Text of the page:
Well over the last year of riding there has been more and more talk about what drive-train people are running, and the thoughts about going with a 1×10 or 1×11 setup. Over the last little bit, I’ve been doing some research into how to retrofit the Heckler, or a new bike to run a 1x gear set up. Below is a summary of what I’ve found out. (I have not run the gearing so there will be some playing yet to do!)
The advantages with converting to a 1x drive-train are:
– Less weight with the removal of the shifter as well as the front derailleur
– Less maintenance, with the lack of front derailleur, it gives you one less item to worry about fixing, or adjusting.
– Ground Clearance for the riding that we do will be increased (depending on what size of front chainring you choose).
The disadvantages are:
– Less gearing options for climbing and descending
– Chain dropping, I know this will be almost eliminated with the use of a good Narrow Wide front Chain Ring, and a derailleur with a clutch in it, but still can creep up for sure.
From my looking around and chatting with other folks (Jonathon / Derek) about the drive-train, ideally you purchase a larger granny gear. On a typical cassette your easiest gear is either 34 or 36 tooth. The tooth is how many pointy parts there are on the rear wheel gears, hopefully that explains that. With a 1x drive-train, you want to go with an easier gear than a 36 tooth. There are kits available, online, or at your local bike shop, where you can add in an extra easier gear behind the cassette. Click the link below for information.
To give the gearing a little smoother flow, they provide a 17 tooth sprocket to replace 2 of the other sprockets.
One point to bring up on this, if you are running a Shimano rear derailleur, you will need a longer B tension bolt to accommodate the larger gear. See the below photo for which bolt is the B-tension bolt. Apparently the SRAM derailleur’s are okay with the standard bolt. Most kits you buy will come with the longer Tension Bolt, so no worries. I know the OneUP unit in the link above does not come with the part though.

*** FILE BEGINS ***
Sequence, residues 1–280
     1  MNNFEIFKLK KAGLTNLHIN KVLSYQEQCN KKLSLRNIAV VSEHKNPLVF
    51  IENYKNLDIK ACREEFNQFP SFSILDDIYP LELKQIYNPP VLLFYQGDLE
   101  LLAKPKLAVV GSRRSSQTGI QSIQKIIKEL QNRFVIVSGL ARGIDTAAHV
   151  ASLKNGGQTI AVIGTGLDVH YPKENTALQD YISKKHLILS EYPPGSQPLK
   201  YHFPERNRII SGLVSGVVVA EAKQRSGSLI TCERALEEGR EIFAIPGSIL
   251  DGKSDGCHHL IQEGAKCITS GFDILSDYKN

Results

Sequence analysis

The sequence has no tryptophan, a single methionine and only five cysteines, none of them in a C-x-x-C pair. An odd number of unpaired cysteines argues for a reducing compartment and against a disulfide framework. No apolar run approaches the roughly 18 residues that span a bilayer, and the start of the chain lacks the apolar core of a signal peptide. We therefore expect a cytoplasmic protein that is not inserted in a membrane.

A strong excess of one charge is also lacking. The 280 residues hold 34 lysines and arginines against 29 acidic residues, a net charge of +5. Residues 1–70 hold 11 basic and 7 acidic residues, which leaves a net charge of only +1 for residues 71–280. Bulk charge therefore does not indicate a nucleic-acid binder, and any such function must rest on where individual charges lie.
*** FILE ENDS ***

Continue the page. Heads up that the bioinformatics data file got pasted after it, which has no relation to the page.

Now to the fun stuff. When pricing out and trying to determine whether to run a 1×10 or 1×11, I looked at a few options. To get rough numbers on pricing, I used JensonUSA.com to pull numbers together and try to compare apples to apples. I know if you price around you may be able to get the components cheaper, and always check out your local bike shop, or give Derek at Bike Right a call or email.
What I was planning on doing was utilizing my existing crankset to bring the cost down a little bit. To do this you will need to buy a Narrow Wide Front Chain Ring. This will prevent the chain from dropping. Also, it is recommended that you use a rear derailleur that has a clutch system in it. Personally I’m going to try to run mine without the clutch derailleur just to see what happens.
For 1×11 below is a brief breakdown:
Another option for Chainrings is Wolf Tooth Cycling, Jonathon uses their chainring, and has not dropped once.
Another point that you may need to add; If you are planning on removing your bash gaurd, you will need to purchase spacers for the chain ring bolts. This will be used to make up the space that the bash gaurd or third ring would have taken.
So the long and the short of it is, if you want to make the change from 2x or 3x to 1x, why not give it a try. It may not be right for everyone, but why not give it a try.
Once the parts come in, I’ll try and do a revised post to give an update and maybe a step by step on how to make the change.